Category Archives: Great Britain

Being Brave and Bouncing Back

Global turmoil and sudden economic instability are beginning to feel less like out-of-the-blue events and more like a set of ongoing challenges to deal with in perpetuity.

To look specifically at the UK and realise that the ‘architects of destruction’ — Cameron, Gove, Johnson, and Farage — have ALL resigned in the two weeks since they schemed and plotted to unravel the decades old alliance with Europe — who could have even imagined such a thing? No matter who ends up inheriting the reins of power as the successors to BREXIT, they will need to have carefully considered solutions ready to implement without delay.

Enough of politics for now…

After our ‘body-blow and mental angst’ reaction to BREXIT — my husband Mark thought he was prepared to just summon up a stiff upper lip and stay in Australia even if it wasn’t our first choice. But then, after two or three days of feeling shell-shocked by that decision, he told me that he hadn’t realised how badly he was going to feel if Europe was totally off the table as an option. That was an interesting admission from the sort of man who usually just gets on with things without whinging. I’m going to be honest — we were both wandering around in a fog and deeply depressed.

We’ve had a variety of ups and downs and rapid changes in our 22 and 1/2 years together, so it isn’t surprising that we were able to brush ourselves off, infuse ourselves with some bravery, and bounce back. It is clear now that whether or not BREXIT is ever actually enacted — there are going to be several years of transition. And during that transition period, we still have a chance to get back to Europe, get back ‘in the system’ in one country or another, and sink our roots into a part of the world that brings us joy.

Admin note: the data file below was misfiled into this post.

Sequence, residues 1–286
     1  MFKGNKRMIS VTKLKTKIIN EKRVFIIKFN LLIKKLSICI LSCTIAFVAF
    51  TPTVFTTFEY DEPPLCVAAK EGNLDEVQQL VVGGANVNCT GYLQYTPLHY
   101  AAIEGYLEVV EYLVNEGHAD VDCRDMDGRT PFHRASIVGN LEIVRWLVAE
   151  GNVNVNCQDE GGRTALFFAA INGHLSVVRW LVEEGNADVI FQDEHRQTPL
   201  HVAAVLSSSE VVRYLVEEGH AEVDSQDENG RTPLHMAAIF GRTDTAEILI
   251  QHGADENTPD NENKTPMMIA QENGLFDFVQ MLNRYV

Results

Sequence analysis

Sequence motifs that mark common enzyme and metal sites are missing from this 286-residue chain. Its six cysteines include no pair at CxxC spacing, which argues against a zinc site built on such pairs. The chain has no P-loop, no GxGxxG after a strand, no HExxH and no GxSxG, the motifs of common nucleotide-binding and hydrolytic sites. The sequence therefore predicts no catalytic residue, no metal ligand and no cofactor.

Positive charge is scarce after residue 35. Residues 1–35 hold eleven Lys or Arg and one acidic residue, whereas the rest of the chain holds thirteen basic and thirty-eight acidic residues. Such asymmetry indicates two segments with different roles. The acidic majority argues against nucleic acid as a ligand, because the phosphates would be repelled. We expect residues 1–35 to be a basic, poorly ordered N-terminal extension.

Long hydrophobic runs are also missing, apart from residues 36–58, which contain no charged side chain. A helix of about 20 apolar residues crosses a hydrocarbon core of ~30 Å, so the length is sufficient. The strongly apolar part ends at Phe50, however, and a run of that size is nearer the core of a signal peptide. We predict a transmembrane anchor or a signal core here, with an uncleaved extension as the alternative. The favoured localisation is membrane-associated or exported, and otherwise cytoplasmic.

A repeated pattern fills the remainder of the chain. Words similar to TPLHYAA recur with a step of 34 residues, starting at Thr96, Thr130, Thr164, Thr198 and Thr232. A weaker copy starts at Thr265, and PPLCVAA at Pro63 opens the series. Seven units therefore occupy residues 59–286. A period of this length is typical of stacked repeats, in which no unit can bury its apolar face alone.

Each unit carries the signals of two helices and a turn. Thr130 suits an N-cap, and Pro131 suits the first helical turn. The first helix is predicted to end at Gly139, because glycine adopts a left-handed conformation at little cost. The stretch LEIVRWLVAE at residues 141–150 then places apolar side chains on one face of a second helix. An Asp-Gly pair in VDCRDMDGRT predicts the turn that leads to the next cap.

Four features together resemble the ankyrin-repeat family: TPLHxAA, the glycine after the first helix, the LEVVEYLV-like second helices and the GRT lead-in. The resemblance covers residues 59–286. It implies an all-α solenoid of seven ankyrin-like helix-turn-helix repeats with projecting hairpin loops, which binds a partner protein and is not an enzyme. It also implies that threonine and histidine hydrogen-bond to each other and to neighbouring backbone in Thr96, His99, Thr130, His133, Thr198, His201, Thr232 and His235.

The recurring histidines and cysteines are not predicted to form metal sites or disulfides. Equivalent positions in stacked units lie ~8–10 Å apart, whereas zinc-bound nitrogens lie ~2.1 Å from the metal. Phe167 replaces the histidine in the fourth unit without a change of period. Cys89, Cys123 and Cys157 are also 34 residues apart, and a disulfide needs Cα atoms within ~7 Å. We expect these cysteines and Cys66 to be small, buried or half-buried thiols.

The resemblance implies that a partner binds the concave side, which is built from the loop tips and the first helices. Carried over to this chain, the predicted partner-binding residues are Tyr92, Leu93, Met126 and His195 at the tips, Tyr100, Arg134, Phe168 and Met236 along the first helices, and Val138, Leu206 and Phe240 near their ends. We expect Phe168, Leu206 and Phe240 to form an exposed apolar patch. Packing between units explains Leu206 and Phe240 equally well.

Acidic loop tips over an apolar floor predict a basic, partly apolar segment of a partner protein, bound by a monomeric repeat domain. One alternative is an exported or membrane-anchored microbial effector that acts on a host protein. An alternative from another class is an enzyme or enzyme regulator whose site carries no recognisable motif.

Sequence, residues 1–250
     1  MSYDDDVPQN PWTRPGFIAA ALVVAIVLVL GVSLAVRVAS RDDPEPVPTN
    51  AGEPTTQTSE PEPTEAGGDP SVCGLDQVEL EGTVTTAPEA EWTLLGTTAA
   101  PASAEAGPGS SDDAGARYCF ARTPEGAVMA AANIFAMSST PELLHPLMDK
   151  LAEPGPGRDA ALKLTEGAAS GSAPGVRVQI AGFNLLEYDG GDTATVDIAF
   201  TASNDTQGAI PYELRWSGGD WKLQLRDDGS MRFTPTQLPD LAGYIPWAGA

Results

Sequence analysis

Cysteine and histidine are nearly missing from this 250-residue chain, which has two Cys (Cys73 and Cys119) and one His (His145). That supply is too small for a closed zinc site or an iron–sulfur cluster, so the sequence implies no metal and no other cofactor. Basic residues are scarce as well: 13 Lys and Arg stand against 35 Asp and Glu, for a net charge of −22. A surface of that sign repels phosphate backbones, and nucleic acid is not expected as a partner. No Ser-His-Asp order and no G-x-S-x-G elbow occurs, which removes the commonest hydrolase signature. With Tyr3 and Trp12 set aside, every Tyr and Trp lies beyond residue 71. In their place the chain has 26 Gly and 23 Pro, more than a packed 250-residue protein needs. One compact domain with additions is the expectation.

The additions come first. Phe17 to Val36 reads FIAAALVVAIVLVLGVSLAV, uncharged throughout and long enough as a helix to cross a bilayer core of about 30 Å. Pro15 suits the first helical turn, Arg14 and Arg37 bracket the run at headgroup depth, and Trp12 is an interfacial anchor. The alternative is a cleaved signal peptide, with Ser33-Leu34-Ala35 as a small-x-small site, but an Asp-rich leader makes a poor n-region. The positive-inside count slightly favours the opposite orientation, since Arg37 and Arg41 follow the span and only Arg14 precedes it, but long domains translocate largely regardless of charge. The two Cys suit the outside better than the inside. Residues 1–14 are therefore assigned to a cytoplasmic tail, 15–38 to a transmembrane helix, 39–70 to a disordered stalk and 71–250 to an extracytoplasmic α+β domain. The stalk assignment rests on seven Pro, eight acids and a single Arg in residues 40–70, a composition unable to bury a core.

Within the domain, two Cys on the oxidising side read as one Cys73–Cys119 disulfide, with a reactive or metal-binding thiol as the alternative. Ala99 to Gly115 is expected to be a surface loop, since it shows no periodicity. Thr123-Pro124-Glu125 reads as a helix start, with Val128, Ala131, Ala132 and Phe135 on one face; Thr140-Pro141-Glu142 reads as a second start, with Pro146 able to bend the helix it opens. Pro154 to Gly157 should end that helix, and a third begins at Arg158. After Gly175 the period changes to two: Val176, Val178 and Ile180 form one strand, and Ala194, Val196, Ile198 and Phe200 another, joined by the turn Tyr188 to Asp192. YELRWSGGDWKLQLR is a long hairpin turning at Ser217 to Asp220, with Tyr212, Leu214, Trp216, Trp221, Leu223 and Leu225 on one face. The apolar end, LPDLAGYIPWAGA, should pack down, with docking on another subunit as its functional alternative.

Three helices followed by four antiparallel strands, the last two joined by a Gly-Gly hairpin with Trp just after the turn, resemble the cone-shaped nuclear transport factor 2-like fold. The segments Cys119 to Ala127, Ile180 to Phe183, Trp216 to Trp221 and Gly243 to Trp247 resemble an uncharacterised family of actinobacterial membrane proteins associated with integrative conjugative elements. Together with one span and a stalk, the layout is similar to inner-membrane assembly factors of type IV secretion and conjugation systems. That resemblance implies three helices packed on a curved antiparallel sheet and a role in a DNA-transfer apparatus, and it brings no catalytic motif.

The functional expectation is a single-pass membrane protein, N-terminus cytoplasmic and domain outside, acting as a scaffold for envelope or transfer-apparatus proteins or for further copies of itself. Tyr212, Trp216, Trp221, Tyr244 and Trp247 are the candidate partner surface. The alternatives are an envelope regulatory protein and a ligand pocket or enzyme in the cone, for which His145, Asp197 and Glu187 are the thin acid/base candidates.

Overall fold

I called our previously chosen real estate agent, he came over on Tuesday night and we signed our listing papers, and on Wednesday he brought the staff of his office through on a brief tour so that they knew what the house looked like and what the pertinent features were.

In the weeks ahead, I plan to keep you apprised of our progress as we hopefully sell quickly because the market is simply plummeting right now. Brexit didn’t just knock the stuffings out of the financial markets in the UK — it bounced half way around the world and punched us in the gut, too. The value of our tiny pensions have dipped, the banks are suddenly tightening up the money supply, and according to our real estate agent — the values of houses here in our town are a stunning 16% lower than they were a mere six months ago. The time to go is now — not a few years from now.

Wish us luck — seriously! Good vibes add to the energy of success and we need to summon up as much of that as possible. And where are we heading? First stop — back to our beloved France!

Watching the Tour de France on television in Australia.

Watching the Tour de France on television in Australia.

And perhaps Mark will be watching the Tour de France LIVE again next year instead of on television. He would love that.

Allons-y!

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By The Sea in Aldeburgh, Suffolk, UK

By the sea is where I wish I was right now. But in lieu of that reality, here’s a flashback photo essay from a trip to the lovely seaside town of Aldeburgh in Suffolk in the UK.

By the way, not ALL beaches are sandy. This one is a perfect example of that. Enjoy!

 

Medieval Moot Hall in Aldeburgh, Suffolk, UK, built in 1520, with the village memorial cross to the left.

Medieval Moot Hall in Aldeburgh, Suffolk, UK, built in 1520, with the village memorial cross to the left.


 
A seagull sitting atop one of the medieval brick chimneys on Moot Hall,.

A seagull sitting atop one of the medieval brick chimneys on Moot Hall,.


 
Fishing boats on a gravel, sometimes called shingle, beach in the UK.

Fishing boats on a gravel, sometimes called shingle, beach in the UK.


 
Close-up of a the beautifully coloured pieces of stone comprising a gravel beach, sometimes called a shingle beach, in the UK.

Close-up of a the beautifully coloured pieces of stone comprising a gravel beach, sometimes called a shingle beach, in the UK.


 

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Hot Pants and Big Hair